Sunday, March 4, 2012

I admit, things have to be different..

I think I'm only just realising this.  For the past six months I've been convinced that my life will stay exactly the same but just with the booze taken out.  I was going to turn sober but my lifestyle wasn't.  I was going to keep going to everything, doing everything, living in every way the same but just without the wine.

One of my big techniques was to not let alcohol give any event it's currency, but to see that event as having a currency of its own that I could still participate in.  (A fun party is fun because of the fun music and conversations, not because it means you can get pissed, a celebratory toast between humans is lovely and joyous because you're sharing a special celebration with other humans, not because the liquid in the glass is alcoholic etc etc...) 

I was determined that this would be so.  I read Jason Vale and this was his big push - don't be miserable and 'dry', staying at home and counting the days since you last had a drink, feeling left out and boring.  Go out! (he said) and show the world that you're still just as fun as ever, that you don't need the booze to lift you up!

So that's what I've been trying to do, and for the most part it works, but at the same time I'm wrestling with the fact that I feel different, that 'naughty, fun, Mrs D' is fading and I'm mourning her loss (why can't I seem to take the word 'naughty' out of that description?)

People often comment on here to me 'put your sobriety first' and 'nothing is more important than your sobriety' and to be honest I've always thought to myself  'oh the fact that I'm sober isn't the leading factor in my life, it's just a little sub-plot'.  Maybe I just felt more clever than that.

Sigh.  Well, here goes folks.   For all you amazing people with 1, 2, 3 or more years off the sauce watching my revelations unfold here in the blogosphere, and for those of you following behind me, I'm six months into it and I'm finally saying 'things have to be different'.

I'm going to not do things if being sober at them is going to be too difficult.  I'm not going to put myself through that.  Even if it means sitting at home with a mixture of emotions.  Even if it means friends are going to comment or become aware that I've changed.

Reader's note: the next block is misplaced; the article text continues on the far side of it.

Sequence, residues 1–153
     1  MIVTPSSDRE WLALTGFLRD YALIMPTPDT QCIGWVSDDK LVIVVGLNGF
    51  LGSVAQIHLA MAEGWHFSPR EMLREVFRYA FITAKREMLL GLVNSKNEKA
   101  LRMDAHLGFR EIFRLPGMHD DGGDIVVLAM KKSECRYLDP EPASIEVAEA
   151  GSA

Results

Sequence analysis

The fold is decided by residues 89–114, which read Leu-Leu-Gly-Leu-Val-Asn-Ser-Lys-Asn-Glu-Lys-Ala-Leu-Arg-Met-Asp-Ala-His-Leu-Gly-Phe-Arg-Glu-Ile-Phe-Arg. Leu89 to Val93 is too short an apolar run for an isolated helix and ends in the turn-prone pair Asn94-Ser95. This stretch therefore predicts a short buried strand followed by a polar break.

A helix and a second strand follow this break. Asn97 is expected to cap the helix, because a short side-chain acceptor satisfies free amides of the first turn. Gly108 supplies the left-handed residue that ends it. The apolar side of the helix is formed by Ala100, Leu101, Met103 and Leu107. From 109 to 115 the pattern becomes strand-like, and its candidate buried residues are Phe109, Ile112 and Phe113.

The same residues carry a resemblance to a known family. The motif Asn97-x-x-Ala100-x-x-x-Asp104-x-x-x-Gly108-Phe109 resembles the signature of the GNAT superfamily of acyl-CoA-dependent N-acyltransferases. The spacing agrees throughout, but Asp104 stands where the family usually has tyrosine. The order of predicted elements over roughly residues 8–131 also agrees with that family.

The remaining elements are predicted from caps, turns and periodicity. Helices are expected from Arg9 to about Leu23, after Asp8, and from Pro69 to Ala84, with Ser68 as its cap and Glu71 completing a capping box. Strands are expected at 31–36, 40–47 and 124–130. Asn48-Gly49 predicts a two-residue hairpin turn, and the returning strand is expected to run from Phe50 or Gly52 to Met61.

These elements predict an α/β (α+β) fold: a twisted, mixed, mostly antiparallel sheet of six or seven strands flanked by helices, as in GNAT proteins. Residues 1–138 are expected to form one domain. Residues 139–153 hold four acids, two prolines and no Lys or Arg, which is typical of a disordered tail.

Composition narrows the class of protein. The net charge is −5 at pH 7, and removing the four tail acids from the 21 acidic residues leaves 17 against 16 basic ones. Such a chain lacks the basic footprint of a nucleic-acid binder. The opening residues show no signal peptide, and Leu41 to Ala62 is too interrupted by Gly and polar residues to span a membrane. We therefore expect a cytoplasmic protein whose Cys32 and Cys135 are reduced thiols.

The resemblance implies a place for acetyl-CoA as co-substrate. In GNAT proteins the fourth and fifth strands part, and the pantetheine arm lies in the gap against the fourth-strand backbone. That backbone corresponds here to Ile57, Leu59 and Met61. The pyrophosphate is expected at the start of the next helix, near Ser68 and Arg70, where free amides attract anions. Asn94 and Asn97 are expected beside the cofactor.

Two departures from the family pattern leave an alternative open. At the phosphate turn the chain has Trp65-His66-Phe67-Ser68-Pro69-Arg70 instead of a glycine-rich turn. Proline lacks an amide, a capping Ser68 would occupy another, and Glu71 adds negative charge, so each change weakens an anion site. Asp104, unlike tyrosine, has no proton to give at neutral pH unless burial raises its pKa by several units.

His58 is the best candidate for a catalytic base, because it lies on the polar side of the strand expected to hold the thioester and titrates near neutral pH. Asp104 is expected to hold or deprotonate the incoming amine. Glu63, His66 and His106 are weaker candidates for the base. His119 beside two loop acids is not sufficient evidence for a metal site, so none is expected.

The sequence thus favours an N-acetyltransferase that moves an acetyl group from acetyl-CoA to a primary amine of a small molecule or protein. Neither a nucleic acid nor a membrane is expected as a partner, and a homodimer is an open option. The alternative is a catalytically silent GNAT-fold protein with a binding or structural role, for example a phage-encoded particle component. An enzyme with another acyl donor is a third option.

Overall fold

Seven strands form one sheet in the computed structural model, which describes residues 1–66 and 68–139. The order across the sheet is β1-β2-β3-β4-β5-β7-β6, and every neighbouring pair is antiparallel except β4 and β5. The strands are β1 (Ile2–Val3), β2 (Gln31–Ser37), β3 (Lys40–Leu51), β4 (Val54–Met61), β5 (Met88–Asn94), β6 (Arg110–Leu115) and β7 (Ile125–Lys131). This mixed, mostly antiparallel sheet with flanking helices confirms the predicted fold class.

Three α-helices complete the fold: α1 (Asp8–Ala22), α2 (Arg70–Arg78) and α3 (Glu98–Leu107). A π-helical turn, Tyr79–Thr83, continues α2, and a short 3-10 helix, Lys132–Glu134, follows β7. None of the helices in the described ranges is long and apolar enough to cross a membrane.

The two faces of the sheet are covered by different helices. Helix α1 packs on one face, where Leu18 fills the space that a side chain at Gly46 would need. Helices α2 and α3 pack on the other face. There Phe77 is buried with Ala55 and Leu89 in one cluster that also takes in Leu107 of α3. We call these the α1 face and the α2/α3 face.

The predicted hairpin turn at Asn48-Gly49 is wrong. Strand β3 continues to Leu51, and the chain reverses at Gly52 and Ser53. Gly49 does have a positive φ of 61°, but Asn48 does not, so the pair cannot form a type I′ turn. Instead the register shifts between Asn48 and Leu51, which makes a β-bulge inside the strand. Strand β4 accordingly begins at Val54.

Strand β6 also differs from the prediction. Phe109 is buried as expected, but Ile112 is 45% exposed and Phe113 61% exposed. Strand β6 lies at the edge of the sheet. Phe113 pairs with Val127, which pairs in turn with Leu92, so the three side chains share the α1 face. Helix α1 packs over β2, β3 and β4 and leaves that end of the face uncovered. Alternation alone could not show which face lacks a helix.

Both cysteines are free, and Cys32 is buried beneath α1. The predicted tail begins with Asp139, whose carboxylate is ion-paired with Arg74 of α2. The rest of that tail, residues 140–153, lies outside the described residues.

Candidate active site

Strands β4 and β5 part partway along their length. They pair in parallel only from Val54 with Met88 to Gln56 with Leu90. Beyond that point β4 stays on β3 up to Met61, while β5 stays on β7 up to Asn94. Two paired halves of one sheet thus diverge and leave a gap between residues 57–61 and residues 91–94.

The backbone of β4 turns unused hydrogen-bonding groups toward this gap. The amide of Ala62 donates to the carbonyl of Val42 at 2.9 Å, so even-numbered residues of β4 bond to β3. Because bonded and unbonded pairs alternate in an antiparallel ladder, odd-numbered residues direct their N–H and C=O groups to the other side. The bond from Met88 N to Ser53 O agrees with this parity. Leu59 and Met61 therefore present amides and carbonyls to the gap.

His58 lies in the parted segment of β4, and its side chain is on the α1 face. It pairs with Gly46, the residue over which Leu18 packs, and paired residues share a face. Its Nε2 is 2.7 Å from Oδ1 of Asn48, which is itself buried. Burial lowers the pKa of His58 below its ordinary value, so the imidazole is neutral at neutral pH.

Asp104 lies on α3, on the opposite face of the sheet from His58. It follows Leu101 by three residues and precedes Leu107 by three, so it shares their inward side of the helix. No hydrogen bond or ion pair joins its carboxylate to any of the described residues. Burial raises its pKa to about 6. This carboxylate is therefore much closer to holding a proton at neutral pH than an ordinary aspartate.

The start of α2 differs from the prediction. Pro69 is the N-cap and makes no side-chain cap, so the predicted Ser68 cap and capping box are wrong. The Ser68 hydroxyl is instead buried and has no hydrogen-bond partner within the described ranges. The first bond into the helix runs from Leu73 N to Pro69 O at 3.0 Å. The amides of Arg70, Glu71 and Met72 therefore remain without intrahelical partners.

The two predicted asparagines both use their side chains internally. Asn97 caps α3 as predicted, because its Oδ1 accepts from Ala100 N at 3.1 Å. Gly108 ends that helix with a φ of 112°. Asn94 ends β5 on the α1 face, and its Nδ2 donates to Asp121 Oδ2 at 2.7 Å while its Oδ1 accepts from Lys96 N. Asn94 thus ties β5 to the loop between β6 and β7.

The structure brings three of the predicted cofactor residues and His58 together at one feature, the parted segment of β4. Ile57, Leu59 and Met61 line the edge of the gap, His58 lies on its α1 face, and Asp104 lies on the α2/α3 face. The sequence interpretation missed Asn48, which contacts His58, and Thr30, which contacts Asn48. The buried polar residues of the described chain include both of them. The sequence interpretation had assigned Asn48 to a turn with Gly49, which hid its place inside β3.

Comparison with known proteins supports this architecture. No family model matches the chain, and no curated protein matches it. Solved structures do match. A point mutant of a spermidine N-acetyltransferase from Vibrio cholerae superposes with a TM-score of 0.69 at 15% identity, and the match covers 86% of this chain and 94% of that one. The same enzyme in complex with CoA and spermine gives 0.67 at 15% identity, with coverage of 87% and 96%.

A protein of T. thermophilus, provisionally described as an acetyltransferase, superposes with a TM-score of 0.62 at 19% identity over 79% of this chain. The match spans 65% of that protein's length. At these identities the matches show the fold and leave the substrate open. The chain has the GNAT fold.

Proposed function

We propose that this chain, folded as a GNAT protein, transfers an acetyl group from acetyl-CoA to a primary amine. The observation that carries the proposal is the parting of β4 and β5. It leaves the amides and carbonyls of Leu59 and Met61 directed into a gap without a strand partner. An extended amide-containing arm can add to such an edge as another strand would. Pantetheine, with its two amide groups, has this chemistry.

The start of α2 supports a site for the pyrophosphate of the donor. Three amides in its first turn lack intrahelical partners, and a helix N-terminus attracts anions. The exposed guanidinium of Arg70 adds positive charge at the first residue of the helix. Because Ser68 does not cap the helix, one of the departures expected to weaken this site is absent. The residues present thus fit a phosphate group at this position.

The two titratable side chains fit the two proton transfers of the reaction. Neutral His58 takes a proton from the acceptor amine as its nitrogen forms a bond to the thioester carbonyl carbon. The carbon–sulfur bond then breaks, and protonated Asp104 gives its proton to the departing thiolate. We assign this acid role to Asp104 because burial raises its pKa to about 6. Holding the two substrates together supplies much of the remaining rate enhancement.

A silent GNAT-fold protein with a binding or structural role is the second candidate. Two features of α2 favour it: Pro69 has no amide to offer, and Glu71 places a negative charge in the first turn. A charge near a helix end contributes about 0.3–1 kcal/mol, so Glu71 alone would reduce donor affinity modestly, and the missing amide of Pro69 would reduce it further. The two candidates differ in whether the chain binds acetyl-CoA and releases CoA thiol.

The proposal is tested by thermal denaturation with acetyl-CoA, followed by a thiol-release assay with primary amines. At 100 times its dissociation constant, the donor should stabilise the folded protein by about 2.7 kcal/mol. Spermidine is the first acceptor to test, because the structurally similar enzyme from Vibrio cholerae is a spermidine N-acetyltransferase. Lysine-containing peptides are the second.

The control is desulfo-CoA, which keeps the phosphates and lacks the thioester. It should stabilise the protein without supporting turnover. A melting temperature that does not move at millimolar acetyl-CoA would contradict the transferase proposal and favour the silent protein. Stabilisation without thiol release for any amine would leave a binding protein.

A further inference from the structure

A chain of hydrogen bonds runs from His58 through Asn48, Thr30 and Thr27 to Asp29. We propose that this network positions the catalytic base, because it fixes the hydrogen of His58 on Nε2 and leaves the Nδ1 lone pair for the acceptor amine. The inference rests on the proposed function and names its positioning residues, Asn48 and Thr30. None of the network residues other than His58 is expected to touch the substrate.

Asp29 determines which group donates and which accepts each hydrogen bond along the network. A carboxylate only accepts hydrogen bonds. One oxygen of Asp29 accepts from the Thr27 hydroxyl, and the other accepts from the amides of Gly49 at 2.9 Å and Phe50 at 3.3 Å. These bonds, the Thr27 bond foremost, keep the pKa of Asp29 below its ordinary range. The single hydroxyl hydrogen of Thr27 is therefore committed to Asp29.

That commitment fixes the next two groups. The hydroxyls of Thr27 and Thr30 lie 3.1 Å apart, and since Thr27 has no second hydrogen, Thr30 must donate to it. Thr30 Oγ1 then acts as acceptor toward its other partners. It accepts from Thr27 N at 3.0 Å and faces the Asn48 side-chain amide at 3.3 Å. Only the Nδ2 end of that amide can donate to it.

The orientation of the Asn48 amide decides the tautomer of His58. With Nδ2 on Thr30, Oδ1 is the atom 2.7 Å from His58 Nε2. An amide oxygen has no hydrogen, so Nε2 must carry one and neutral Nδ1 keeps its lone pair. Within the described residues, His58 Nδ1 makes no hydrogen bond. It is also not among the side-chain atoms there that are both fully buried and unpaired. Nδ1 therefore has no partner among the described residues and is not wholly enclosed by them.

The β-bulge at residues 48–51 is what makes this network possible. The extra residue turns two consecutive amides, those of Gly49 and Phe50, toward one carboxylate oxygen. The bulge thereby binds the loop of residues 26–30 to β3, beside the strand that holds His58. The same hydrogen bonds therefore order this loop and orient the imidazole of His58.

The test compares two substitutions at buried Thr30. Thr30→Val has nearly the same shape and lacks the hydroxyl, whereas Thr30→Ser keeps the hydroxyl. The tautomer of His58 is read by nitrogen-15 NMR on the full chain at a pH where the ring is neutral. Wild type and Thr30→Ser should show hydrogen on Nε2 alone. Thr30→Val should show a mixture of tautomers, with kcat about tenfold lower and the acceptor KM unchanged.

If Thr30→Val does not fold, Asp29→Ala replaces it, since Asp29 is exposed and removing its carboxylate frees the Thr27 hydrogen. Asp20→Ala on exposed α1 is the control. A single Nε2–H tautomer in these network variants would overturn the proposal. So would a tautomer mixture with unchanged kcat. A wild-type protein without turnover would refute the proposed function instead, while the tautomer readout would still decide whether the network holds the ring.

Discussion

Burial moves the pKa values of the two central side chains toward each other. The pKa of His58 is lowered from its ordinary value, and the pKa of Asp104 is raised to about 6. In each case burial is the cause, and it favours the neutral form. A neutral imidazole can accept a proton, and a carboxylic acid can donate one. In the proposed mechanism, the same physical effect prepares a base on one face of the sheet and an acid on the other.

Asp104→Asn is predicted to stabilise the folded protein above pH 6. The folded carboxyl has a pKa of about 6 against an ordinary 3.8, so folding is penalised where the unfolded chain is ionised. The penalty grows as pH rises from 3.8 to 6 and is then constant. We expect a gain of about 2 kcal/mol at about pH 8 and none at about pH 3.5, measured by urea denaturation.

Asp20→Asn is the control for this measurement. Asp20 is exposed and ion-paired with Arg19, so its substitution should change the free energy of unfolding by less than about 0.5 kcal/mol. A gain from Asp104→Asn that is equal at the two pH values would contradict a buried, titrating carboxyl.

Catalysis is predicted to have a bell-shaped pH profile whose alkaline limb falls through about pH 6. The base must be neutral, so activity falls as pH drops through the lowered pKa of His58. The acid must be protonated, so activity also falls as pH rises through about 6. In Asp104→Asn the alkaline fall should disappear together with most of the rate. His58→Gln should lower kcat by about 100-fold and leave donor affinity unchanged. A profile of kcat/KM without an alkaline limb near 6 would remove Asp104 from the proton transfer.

I have changed.  I don't drink any more.  Sorry.  And you do.  That makes me different.  I am different now.  And so is my life.  And I'm crying now, shit those tears were unexpected, I can't believe this.  But this is why I write this blog.  Because it helps me.  This is a sad realisation, but I'm hoping it's a dip in the curve of my new sober life and there will be a different sort of peak as time goes on. 

Because I'm aiming high.  I really mean it when I say I'm never going to drink again.  So here at six months I admit my lifestyle will change.  I look forward to seeing at 1 year, 2 years, 3 years what that change will be.

Love, Mrs D xxx


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  2. Mrs. D. I came to the same conclusion after a while too. I didn't want to have to change when I first stopped drinking. I thought I was fabulous just the way I was. I thought if I couldn't make the scene anymore, my life would suck. But as time went on and I got more comfortable with the idea of never drinking and less comfortable with putting myself in those positions of feeling "not a part of," my feelings changed. I was becoming okay with changing me a little. And then as I uncovered some character flaws I wasn't aware of, things about me which would have irritated the crap out of me coming from someone else, I was okay with changing me some more. But you know what? We change on the inside but on the outside, people see the same person just practicing a different lifestyle.